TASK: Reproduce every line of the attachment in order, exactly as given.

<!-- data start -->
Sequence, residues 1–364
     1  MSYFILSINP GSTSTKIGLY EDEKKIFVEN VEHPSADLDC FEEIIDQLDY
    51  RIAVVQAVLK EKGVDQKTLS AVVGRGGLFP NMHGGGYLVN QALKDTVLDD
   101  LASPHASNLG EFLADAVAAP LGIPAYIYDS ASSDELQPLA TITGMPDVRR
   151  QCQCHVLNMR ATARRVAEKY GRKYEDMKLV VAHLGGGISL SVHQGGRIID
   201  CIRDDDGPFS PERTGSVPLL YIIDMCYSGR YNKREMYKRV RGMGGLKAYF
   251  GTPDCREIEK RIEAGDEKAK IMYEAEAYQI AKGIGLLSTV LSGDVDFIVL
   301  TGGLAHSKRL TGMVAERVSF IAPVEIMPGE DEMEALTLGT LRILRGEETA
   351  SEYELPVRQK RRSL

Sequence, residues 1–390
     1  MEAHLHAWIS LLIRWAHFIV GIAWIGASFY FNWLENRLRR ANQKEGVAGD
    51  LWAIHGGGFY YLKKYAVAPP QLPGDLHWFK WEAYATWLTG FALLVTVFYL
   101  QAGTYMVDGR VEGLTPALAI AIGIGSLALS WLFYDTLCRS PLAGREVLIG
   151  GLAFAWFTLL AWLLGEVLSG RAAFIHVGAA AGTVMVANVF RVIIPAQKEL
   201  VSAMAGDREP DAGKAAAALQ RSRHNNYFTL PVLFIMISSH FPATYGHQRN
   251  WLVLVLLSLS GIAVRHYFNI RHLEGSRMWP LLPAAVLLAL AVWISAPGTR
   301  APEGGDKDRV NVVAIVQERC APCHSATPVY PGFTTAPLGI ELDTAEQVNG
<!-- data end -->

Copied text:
Sequence, residues 1–364
     1  MSYFILSINP GSTSTKIGLY EDEKKIFVEN VEHPSADLDC FEEIIDQLDY
    51  RIAVVQAVLK EKGVDQKTLS AVVGRGGLFP NMHGGGYLVN QALKDTVLDD
   101  LASPHASNLG EFLADAVAAP LGIPAYIYDS ASSDELQPLA TITGMPDVRR
   151  QCQCHVLNMR ATARRVAEKY GRKYEDMKLV VAHLGGGISL SVHQGGRIID
   201  CIRDDDGPFS PERTGSVPLL YIIDMCYSGR YNKREMYKRV RGMGGLKAYF
   251  GTPDCREIEK RIEAGDEKAK IMYEAEAYQI AKGIGLLSTV LSGDVDFIVL
   301  TGGLAHSKRL TGMVAERVSF IAPVEIMPGE DEMEALTLGT LRILRGEETA
   351  SEYELPVRQK RRSL

Sequence, residues 1–390
     1  MEAHLHAWIS LLIRWAHFIV GIAWIGASFY FNWLENRLRR ANQKEGVAGD
    51  LWAIHGGGFY YLKKYAVAPP QLPGDLHWFK WEAYATWLTG FALLVTVFYL
   101  QAGTYMVDGR VEGLTPALAI AIGIGSLALS WLFYDTLCRS PLAGREVLIG
   151  GLAFAWFTLL AWLLGEVLSG RAAFIHVGAA AGTVMVANVF RVIIPAQKEL
   201  VSAMAGDREP DAGKAAAALQ RSRHNNYFTL PVLFIMISSH FPATYGHQRN
   251  WLVLVLLSLS GIAVRHYFNI RHLEGSRMWP LLPAAVLLAL AVWISAPGTR
   301  APEGGDKDRV NVVAIVQERC APCHSATPVY PGFTTAPLGI ELDTAEQVNG